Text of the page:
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Critical documents for estate planning and medical issues

| Aug 16, 2020 | Estate Planning |

In the best of circumstances, you should complete health-care directives and documents that deal with compliance with HIPAA laws ahead of a crisis and in the clear light of calm reason. For the same reason, you should update critical paperwork for estate planning every five years or so, or just after a major life event.

If you wait too long, you might face a more complicated process.

The critical documents

According to an article in Forbes, a person should set up a separate Power of Attorney for financial and medical purposes. Unlike a will, the state of anticipated usage for the POA determines in part its structure. Your designated medical POA should also have HIPAA authority. Without this, medical personnel cannot relate your medical status to the person you have designated as your agent. It is best to fill out a HIPAA Release Form for your agent before a medical emergency. A living will or advanced directive provides a document that states your wishes regarding end-of-life care.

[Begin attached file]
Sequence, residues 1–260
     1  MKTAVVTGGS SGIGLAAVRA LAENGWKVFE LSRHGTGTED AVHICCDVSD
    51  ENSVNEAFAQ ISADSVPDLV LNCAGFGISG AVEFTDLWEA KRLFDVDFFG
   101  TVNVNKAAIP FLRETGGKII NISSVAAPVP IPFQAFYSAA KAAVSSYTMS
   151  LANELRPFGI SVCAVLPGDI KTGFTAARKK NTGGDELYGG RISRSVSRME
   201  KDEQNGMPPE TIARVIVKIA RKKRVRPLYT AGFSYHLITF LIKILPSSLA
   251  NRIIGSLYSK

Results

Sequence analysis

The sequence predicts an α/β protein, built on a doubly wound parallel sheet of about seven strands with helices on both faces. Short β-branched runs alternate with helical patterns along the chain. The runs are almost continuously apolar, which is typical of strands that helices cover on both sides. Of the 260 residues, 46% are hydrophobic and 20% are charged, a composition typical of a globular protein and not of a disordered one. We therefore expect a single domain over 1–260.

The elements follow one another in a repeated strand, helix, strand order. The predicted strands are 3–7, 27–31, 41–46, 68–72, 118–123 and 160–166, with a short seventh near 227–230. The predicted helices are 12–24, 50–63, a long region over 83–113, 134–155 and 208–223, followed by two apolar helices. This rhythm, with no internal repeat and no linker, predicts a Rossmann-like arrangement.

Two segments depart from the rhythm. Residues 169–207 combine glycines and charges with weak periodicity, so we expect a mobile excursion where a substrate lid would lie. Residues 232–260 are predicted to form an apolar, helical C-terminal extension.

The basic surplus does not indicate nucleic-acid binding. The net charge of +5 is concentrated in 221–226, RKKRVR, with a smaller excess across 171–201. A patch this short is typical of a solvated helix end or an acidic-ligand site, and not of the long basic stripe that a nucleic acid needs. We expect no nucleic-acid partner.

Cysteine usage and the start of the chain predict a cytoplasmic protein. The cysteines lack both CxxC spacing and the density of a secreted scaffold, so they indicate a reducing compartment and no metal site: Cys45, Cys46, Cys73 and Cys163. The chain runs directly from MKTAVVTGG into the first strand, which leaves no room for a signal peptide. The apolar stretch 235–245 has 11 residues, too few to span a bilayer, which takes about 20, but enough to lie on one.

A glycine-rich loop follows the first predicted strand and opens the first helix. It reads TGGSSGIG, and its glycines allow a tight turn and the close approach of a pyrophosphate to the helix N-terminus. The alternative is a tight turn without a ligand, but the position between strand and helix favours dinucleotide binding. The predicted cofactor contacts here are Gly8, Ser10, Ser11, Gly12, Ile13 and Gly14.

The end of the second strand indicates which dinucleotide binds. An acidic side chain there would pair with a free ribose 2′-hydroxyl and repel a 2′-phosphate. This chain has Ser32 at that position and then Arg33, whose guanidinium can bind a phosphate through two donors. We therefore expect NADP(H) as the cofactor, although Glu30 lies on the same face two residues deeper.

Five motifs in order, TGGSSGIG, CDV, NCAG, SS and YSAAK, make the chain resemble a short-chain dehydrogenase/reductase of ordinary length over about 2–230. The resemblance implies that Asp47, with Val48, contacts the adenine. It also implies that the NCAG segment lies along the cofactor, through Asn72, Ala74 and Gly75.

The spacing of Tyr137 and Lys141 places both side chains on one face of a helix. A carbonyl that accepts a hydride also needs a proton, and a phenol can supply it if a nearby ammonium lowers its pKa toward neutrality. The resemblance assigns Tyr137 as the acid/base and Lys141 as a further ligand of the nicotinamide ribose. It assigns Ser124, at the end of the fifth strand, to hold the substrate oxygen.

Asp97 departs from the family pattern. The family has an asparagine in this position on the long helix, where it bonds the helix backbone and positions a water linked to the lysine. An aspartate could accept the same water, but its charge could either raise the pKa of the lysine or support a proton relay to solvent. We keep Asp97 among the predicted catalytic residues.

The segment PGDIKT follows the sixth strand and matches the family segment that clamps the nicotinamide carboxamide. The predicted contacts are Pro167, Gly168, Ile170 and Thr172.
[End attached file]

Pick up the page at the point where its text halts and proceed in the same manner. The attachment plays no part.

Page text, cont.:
The POLST form

At least one other document, the Practitioner Order for Life Sustaining Treatment, merits consideration for medical estate planning. Posted on the Illinois Department of Public Health website, this two-page document states a person’s wishes for end-of-life care. HIPAA provisions allow the disclosure of this information to healthcare professionals. Filling out this form is completely voluntary and is subject to change. The form states its limitations by stating in summary that no form can address all medical decisions. Because of this, the language of the form recommends having a Power of Attorney for Health Care Directive, which empowers a legal representative to speak for you under certain conditions.